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Direct action

From Academic Kids

Direct action is a method and a theory of stopping objectionable practices or creating more favorable conditions using immediately available means, such as strikes, boycotts, workplace occupations, sit-ins, or sabotage, and less oppositional methods such as establishing radical social centres, although these are often squatted. Direct actions are often (but not always) civil disobedience. Those employing direct action aim to either:

  • obstruct another agent or organization from performing some objectionable practice
  • act with whatever resources and methods are within their power, either on their own or as part of a group, in order to solve problems

This method and theory is direct in that it seeks immediate remedy for perceived ills, as opposed to indirect tactics such as electing representatives who promise to provide remedy at some later date.

Contents

History

The theory of direct action developed primarily in the context of labor struggles. In his 1920 book, Direct Action, William Mellor placed direct action firmly in the struggle between worker and employer for control "over the economic life of society." Mellor defined direct action "as the use of some form of economic power for securing of ends desired by those who possess that power." Mellor considered direct action a tool of both owners and workers. For this reason he included within his definition lockouts and cartels, as well as strikes and sabotage.

By the middle of the 20th century, the sphere of direct action had undoubtedly expanded, though the meaning of the term had perhaps contracted. Most campaigns for social change—notable those seeking suffrage, improved working conditions, civil rights, an end to abortion, and environmental protection—employ at least some types of violent or non-violent direct action.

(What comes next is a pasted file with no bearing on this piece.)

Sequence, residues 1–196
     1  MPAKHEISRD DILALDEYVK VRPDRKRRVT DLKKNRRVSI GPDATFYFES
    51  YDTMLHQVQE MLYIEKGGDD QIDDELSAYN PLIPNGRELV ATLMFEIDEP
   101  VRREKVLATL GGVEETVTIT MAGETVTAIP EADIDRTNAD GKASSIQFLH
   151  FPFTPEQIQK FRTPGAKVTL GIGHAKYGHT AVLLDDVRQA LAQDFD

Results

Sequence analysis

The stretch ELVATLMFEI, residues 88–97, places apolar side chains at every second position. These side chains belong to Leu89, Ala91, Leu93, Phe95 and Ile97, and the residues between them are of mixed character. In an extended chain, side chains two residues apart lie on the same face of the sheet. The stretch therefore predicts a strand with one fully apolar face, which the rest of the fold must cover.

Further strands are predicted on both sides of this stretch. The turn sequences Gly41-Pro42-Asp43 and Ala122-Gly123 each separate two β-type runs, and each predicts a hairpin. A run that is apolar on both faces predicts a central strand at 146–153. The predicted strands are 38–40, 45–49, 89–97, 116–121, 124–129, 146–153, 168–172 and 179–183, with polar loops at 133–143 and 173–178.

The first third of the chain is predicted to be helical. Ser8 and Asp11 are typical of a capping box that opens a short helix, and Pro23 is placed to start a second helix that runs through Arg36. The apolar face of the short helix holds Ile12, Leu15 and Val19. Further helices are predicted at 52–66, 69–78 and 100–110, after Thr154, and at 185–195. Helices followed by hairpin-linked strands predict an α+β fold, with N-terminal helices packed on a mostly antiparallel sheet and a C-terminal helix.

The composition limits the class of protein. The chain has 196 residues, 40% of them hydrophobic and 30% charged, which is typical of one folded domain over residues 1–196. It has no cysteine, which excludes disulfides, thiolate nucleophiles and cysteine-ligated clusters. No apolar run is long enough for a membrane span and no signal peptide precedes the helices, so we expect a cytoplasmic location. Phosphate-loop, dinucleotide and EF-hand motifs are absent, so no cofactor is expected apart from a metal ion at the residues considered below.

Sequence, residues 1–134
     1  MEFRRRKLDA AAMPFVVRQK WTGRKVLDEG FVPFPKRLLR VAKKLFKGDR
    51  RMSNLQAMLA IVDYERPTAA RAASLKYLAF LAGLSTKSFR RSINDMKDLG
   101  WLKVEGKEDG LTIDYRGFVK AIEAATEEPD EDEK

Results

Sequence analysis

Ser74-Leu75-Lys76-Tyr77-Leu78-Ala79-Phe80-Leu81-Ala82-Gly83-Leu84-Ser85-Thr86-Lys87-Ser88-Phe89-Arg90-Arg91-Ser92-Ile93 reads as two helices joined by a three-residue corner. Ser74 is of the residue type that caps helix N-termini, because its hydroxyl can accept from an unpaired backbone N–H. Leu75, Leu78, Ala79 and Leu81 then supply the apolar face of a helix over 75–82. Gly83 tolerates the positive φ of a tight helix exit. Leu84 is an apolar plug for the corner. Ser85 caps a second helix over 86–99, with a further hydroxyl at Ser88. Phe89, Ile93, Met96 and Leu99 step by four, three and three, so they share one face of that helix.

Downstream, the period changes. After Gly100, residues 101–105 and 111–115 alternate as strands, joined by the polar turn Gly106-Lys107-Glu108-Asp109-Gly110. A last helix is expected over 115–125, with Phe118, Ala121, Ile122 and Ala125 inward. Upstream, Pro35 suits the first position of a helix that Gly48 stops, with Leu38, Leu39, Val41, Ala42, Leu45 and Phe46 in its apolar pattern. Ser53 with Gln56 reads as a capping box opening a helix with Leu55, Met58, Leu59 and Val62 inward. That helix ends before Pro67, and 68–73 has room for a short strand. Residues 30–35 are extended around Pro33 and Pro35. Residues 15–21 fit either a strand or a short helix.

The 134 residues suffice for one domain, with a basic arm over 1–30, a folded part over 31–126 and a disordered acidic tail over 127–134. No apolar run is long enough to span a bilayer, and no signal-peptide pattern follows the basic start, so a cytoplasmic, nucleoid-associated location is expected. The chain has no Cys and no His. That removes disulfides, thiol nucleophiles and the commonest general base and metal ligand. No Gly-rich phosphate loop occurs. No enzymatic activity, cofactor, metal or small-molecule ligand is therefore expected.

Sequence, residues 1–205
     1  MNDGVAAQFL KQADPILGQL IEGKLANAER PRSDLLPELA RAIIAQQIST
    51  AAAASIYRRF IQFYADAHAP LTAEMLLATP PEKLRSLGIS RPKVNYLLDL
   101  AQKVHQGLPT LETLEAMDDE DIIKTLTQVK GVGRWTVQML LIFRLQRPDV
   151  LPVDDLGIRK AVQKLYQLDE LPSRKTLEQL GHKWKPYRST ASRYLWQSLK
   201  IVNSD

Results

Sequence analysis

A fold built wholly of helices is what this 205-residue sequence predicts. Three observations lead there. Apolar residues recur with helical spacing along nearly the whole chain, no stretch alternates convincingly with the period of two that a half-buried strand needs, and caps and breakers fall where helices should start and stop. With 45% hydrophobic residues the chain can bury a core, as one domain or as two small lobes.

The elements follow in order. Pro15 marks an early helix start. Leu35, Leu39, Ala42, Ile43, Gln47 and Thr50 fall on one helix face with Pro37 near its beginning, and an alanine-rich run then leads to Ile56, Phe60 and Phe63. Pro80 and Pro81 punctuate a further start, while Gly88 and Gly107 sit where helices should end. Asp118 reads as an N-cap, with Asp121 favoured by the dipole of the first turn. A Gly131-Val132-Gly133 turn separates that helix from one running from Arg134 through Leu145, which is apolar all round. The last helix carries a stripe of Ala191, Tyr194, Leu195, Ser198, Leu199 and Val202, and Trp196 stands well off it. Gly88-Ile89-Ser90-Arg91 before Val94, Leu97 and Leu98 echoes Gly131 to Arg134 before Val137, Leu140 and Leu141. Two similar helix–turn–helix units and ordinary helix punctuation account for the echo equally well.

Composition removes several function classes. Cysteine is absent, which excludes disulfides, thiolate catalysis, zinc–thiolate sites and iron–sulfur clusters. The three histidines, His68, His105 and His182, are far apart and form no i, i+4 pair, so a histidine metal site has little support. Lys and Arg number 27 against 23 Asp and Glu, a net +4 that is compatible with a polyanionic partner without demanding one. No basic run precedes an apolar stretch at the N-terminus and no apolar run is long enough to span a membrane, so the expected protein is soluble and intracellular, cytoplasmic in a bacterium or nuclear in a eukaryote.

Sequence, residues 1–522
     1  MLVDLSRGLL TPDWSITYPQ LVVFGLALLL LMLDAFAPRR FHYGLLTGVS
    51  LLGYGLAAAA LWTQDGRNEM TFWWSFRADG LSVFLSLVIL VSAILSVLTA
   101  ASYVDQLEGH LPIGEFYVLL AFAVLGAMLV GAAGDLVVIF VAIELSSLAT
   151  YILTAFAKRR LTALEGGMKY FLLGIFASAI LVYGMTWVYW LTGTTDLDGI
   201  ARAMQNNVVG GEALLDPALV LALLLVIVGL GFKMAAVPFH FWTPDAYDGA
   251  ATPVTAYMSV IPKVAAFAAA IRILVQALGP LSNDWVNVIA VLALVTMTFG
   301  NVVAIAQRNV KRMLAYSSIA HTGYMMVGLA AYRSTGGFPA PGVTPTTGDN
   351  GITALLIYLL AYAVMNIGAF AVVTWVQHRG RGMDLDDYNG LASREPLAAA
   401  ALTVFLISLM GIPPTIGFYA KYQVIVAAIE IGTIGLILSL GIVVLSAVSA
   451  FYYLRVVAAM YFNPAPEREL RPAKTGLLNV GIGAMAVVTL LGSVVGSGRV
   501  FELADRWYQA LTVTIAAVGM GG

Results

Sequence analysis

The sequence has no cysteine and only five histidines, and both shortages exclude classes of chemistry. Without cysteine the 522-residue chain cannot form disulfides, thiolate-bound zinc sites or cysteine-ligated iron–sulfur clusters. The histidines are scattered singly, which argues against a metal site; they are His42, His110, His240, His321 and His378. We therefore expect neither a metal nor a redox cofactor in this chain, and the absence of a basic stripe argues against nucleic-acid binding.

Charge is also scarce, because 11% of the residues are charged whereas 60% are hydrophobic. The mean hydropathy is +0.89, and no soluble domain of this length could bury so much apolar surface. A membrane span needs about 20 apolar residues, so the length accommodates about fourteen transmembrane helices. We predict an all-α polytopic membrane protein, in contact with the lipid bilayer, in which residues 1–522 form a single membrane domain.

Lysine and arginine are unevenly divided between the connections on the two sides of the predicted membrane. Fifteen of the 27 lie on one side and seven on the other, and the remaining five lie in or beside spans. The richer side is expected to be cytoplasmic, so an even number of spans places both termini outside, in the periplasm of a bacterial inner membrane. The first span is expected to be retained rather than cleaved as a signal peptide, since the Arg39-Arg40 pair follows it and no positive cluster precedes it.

Nonviolent direct action

Mahatma Gandhi's teachings of Satyagraha (or truth force) have inspired many practitioners of nonviolent direct action (NVDA), who often view it as a tool that the less powerful can use against those with more power. In 1963, civil rights leader, Martin Luther King Jr. described the goal of NVDA in his Letter from Birmingham Jail: "Nonviolent direct action seeks to create such a crisis and foster such a tension that a community which has constantly refused to negotiate is forced to confront the issue. It seeks so to dramatize the issue that it can no longer be ignored."

The anti-nuclear movement has deployed NVDA: for instance, during the 1980s many groups which opposed the introduction of Cruise missiles into the UK employed tactics such as breaking into and occupying US air bases, blocking roads in order to prevent the movement of military convoys, disruption of building works related to military projects and so forth. Many groups also set up semi-permanent 'peace camps' outside air bases such as Molesworth and Greenham Common.

Animal rights groups such as the Animal Liberation Front (ALF) have also used the tactics of NVDA in the past, such as breaking into laboratories where animal experiments are carried out and physically removing—"liberating"—the animals from the premises.

Anti-globalization activists made headlines around the world in 1999, when they forced the World Trade Organization meeting to end early with NVDA tactics such as lying down in streets to block traffic. Since then, NVDA has been used by activists at many trade-related events.

Other examples

Direct action and anarchism

As a principle, direct action is central to many strands of anarchist theory, especially anarcho-syndicalism and anarcho-pacifism.

"Direct Action" has also served as the moniker of at least groups who have been labeled terrorist, the French Action Directe and the Canadian group more popularly known as the Squamish Five.

See also

External links

ca:Acció directa et:Otsene tegevus de:Direkte Aktion fr:Action directe (théorie politique) nl:Directe actie

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